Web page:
President Trump, should it be so, could be gunning for a lot of folks, not least of them a pair much in the spotlight of Wall Street: Dodd and Frank.
Reuters noted Wednesday that the Republican nominee (that is, presumed) would look to “dismantle” just about all of the financial reforms that had been mandated and institutionalized up and down Wall Street by the legislation.
The reason? As Trump told the newswire, the reforms themselves had “made it impossible for bankers to function. It makes it very hard for bankers to loan money for people to create jobs, for people with businesses to create jobs. And that has to stop.”
How to make it stop? The Donald says something akin to a dismantlement should do the trick. The legislation itself has put a number of measures in place that are akin to emergency, or even contingency, plans, among them the establishment of “living wills” which lay out how to wind down operations in a true crisis. In addition, banks, with their relatively more cautious reliance on debt funding vehicles have been a bit more loath to part with funds.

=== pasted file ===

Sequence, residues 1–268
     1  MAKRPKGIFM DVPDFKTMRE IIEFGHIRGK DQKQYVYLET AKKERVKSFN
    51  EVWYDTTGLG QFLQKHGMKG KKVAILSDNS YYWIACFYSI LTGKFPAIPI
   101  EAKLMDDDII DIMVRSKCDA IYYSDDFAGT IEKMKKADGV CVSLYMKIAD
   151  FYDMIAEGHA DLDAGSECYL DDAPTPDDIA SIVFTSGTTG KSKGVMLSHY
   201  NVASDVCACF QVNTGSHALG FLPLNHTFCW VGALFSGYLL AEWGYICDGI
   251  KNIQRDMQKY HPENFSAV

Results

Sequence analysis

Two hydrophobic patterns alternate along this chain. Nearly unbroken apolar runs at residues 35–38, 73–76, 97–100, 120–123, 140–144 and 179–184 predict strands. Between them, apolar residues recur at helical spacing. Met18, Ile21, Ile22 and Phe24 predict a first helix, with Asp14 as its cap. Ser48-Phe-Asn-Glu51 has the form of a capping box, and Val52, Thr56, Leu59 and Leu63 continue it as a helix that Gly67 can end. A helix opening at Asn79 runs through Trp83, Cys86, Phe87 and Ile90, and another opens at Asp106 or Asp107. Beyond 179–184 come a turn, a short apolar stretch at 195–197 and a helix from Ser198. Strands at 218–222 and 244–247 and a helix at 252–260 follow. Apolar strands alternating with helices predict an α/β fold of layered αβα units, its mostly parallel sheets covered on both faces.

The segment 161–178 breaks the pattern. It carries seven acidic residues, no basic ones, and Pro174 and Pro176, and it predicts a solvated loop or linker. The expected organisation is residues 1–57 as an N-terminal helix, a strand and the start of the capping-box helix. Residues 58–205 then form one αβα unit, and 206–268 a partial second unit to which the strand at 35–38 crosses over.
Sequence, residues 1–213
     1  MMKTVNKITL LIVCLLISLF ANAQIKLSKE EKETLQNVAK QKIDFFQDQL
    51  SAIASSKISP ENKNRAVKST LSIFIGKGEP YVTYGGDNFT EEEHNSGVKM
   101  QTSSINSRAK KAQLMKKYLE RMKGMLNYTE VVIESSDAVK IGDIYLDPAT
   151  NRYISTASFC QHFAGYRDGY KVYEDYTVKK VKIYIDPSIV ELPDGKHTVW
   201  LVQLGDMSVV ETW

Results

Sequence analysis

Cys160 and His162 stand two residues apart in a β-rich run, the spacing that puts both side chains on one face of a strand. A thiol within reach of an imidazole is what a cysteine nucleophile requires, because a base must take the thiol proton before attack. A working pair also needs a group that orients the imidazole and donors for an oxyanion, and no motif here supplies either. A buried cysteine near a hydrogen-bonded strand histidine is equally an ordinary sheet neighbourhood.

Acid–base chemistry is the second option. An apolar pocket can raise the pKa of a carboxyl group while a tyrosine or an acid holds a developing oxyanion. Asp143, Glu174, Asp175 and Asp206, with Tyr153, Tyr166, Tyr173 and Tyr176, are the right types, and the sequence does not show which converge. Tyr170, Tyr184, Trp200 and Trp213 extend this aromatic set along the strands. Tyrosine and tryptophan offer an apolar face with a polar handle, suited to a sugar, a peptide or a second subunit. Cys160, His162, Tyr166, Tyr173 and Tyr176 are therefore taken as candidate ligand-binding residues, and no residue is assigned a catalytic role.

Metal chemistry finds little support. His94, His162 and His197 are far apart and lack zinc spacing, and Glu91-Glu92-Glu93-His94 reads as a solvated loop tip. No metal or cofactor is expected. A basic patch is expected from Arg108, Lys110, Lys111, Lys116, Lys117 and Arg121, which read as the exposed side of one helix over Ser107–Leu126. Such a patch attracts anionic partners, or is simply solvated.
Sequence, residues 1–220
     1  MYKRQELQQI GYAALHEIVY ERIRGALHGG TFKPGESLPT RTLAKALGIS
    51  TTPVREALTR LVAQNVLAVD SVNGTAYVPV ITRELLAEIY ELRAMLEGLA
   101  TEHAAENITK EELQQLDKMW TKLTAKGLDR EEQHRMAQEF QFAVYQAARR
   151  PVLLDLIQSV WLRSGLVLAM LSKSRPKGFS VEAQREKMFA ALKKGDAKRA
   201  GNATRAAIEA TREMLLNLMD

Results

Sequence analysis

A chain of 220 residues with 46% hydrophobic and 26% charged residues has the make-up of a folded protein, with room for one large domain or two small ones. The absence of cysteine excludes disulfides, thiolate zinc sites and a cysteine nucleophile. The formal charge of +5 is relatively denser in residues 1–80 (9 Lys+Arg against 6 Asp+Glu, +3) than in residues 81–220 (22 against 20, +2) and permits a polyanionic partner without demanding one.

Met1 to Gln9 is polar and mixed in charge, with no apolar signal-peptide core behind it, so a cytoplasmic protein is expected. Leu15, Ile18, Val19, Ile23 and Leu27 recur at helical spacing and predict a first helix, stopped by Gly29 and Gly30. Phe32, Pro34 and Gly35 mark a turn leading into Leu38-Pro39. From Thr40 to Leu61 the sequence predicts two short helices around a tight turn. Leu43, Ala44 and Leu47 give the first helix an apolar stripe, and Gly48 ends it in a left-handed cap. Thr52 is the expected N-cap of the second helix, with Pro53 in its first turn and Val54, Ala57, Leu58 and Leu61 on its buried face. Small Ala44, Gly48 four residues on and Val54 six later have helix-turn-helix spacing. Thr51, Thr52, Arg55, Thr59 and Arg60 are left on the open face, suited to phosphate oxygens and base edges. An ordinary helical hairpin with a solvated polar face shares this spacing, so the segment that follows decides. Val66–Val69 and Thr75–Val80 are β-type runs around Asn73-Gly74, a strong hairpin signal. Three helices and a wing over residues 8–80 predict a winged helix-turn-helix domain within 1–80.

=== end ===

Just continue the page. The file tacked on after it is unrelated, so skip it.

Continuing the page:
(But we here at PYMNTS note that necessity, as the mother of invention, has made it possible for not a few young tech upstarts to step in and try to fill the void.)
There’s also the ongoing controversy over the funding of, and even existence of, the Consumer Financial Protection Bureau. The financial industry itself has pushed for scrapping the laws, on the assertion that it has cost millions of dollars to comply, and that capital could have been put, arguably, to better use. The banks have been treading more cautious ground, with an eye on revamps rather than wholesale overhauls.
Now, many of Trump’s statements on the matter have been declarative statements without roadmaps or details behind them. But other conduits to reform may be brewing. As Reuters noted, Republican Rep. Jeb Hensarling, who heads the House Financial Services Committee, has said that he would have a financial plan of his own in the next few weeks.
Predictably, opponents of striking down Dodd-Frank state that the door might be left open to a repeat of some of the egregious financial activities and lending decisions that predated the financial crisis.
The trumpets of partisan battle over Dodd-Frank, on Capitol Hill at least, are muted for now, but growing louder.